Newfoundland-Gros Morne National Park


Boulders of 1.25-billion-years-old granite at Gros Morne National Park tell of violent geological events when tectonic plates under continents heaved and collided, destroying the ancient North American rim and leaving the ocean floor atop it.

So dramatically clear is the rocky historical record that this insular 697-square-mile (1,805-km2) U.N. World Heritage Site on Newfoundland’s west coast is important to scientists everywhere.

It is equally important to woodland caribou, lynx, arctic hares, red foxes (here multicolored), black bears, moose, mink, and others. All were brought here or came under their own steam— swimming, flying, or walking on winter ice or snowpack in the 15,000 years since the last ice age.

Habitat ranges from coastal lowland with dune formations up to 100 feet (30 m) high, to alpine plateaus, waterfalls, deep fiord valleys, and glacial lakes.

Wild newcomers keep arriving. Coyotes showed up in 1987. And there are snowshoe hares, ermines, an occasional drop-in polar bear, and some 235 arctic, boreal, and pelagic bird species with strays from both sides of the ocean. It is an important migratory shorebird stop, and significant breeding site for rare, beautiful harlequin ducks as well as blackpoll warblers, arctic and common terns, rock ptarmigans, American tree sparrows, and bald eagles.

Harbor seals colonize the coast. Pilot, minke, and finback whales swim by. Atlantic salmon and arctic char spawn here after a life at sea while other species, including brook trout, fill the streams.

Alpine bearberries and azaleas coexist with purple-fringed orchids and carnivorous sundews in wet meadows among a remarkable 1,000-species array of plants (700 vascular, 300 mosses), some exceedingly rare and delicate (the park urges visitors to stay on established trails).

Some plants have developed into distinct island forms, different from those of mainland cousins from which insular lives have separated them.

Black bears tend to be bigger here. Red foxes can be black, silver-tipped, yellowish, or a patchycalico mixture. (Some have lost fear of humans, perhaps from illegal feeding, which is dangerous if they come to resent a human without food. Some such animals must be destroyed—thus the park warning: “A fed fox can be a dead fox.”)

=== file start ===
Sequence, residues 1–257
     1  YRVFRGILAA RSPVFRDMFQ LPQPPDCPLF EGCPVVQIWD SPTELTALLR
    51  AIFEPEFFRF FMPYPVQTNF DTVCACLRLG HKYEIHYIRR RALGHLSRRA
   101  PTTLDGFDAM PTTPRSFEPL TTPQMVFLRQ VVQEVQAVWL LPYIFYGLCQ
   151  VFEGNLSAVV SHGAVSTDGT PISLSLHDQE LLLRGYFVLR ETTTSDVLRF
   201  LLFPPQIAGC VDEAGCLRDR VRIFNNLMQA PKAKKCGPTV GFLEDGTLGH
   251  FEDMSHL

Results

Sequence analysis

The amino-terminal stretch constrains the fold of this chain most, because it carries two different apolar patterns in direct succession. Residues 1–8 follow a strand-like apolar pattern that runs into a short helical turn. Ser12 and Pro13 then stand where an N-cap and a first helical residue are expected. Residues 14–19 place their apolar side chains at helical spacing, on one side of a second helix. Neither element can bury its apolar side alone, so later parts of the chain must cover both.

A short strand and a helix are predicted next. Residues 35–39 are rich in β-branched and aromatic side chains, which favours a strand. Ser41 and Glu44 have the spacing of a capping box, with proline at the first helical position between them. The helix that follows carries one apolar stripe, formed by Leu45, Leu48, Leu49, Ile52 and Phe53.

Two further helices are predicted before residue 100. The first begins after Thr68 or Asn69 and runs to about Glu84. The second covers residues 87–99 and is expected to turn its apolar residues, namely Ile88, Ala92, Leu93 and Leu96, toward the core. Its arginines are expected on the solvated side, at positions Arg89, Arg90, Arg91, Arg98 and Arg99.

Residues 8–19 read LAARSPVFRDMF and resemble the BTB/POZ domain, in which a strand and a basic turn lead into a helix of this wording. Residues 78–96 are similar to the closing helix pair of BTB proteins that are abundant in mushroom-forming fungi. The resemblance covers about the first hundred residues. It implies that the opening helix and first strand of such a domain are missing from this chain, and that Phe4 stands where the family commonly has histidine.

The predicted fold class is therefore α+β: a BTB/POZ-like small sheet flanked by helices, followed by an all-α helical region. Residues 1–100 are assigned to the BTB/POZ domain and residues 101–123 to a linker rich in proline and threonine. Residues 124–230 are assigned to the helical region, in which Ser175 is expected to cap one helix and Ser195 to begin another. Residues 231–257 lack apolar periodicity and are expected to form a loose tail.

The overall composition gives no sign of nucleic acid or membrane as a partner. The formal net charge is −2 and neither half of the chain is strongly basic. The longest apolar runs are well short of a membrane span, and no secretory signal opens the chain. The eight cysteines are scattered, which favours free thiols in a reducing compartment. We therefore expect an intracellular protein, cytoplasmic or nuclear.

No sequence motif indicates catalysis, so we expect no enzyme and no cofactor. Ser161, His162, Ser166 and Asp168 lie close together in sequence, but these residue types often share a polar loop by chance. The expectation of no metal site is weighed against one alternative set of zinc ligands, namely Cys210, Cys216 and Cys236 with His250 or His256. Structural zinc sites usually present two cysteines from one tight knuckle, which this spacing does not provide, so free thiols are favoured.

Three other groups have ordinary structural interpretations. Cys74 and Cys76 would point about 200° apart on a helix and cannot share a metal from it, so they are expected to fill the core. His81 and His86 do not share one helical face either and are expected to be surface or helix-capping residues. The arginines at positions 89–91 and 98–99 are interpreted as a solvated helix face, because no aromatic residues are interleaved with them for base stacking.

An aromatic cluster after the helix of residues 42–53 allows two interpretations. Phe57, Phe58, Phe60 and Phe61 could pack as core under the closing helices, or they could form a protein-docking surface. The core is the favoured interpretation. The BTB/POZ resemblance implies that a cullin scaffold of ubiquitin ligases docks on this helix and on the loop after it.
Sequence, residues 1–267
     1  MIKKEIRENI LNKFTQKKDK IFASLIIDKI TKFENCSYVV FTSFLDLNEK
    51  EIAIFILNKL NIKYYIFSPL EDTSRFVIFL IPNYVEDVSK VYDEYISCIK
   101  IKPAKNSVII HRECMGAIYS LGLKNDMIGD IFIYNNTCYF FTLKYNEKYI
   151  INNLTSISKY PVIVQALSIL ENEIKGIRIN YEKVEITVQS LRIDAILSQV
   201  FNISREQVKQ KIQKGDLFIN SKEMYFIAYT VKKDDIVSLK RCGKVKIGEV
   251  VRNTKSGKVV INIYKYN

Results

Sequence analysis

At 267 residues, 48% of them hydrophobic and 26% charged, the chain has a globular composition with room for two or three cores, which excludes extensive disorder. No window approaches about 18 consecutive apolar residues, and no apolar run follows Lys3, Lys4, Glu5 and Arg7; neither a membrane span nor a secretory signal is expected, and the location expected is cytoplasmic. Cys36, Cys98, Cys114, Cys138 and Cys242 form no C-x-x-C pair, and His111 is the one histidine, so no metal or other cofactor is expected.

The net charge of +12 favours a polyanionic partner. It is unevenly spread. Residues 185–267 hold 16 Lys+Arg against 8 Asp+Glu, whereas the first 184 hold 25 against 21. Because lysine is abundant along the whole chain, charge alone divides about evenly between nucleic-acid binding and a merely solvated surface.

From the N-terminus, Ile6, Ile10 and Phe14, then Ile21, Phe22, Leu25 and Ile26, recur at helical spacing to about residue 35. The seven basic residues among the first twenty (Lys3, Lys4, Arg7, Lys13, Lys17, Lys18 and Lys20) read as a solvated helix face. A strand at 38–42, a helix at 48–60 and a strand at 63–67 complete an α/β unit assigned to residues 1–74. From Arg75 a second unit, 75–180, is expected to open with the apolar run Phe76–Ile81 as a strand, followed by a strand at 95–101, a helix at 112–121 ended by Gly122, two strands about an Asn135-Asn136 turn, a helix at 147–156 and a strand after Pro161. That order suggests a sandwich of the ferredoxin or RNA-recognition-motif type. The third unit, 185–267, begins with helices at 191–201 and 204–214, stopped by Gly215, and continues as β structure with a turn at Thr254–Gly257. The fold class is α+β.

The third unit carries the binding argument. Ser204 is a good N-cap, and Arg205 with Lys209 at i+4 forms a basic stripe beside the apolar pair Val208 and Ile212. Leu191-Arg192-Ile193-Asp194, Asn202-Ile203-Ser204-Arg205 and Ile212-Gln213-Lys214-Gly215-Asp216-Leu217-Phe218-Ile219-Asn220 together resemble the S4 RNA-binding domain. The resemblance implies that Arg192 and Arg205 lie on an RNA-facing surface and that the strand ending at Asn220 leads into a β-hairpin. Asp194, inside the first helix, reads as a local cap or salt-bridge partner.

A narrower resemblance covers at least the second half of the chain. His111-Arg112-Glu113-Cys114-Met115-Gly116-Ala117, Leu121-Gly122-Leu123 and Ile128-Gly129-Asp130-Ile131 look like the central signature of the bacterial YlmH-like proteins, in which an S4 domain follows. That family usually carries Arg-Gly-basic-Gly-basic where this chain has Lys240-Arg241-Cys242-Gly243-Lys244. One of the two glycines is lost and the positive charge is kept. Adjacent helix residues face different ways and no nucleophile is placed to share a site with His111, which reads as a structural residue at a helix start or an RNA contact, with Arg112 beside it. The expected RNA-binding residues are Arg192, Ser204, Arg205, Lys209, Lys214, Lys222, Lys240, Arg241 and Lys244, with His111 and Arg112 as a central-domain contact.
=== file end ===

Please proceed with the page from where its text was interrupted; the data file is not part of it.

Weather can be cool but pleasant through October, though always unpredictable. Hypothermia can occur in any season.

A ferry goes to Newfoundland from the mainland. Air Canada flies to nearby Deer Lake, where rental cars are available for the 50 miles (80 km) to park headquarters. There are miles of paved roads and hiking trails, and campsites and motels in nearby towns. Snowmobiles, popular in this snowy, beautiful place, are permitted in winter, but may conflict with wildlife on trails.

 Nowhere in nature are predator-prey destinies more intertwined than furry lynx and snowshoe hares, which closely resemble one another in dense pelage and broad, spreading hairy paws, able to support both species in snow. When hare numbers rise, lynx females ovulate more, mate more often, more successfully, and have larger litters of which more survive. When hare numbers plummet, lynx decline and so do their offspring, even when alternate prey is available. Lynx live deep in coniferous forests and mountains of Canada and the northern United States.Arctic fox fur has the highest insulation value of any mammal, useful in treeless arctic tundras where they live in Eurasia, North America, Iceland, and Greenland. Soles of their feet are covered entirely with fur—hence their scientific name, LAGOPUS or “rabbit foot.” Small, rounded ears restrict heat loss. Long, thick, bushy tails reach around them like fur stoles when they curl up to sleep, able to endure temperatures of –70oF (–60oC). No other canid species lives so far north.

Nowhere in nature are predator-prey destinies more intertwined than furry lynx and snowshoe hares, which closely resemble one another in dense pelage and broad, spreading hairy paws, able to support both species in snow. When hare numbers rise, lynx females ovulate more, mate more often, more successfully, and have larger litters of which more survive. When hare numbers plummet, lynx decline and so do their offspring, even when alternate prey is available. Lynx live deep in coniferous forests and mountains of Canada and the northern United States.Arctic fox fur has the highest insulation value of any mammal, useful in treeless arctic tundras where they live in Eurasia, North America, Iceland, and Greenland. Soles of their feet are covered entirely with fur—hence their scientific name, LAGOPUS or “rabbit foot.” Small, rounded ears restrict heat loss. Long, thick, bushy tails reach around them like fur stoles when they curl up to sleep, able to endure temperatures of –70oF (–60oC). No other canid species lives so far north.

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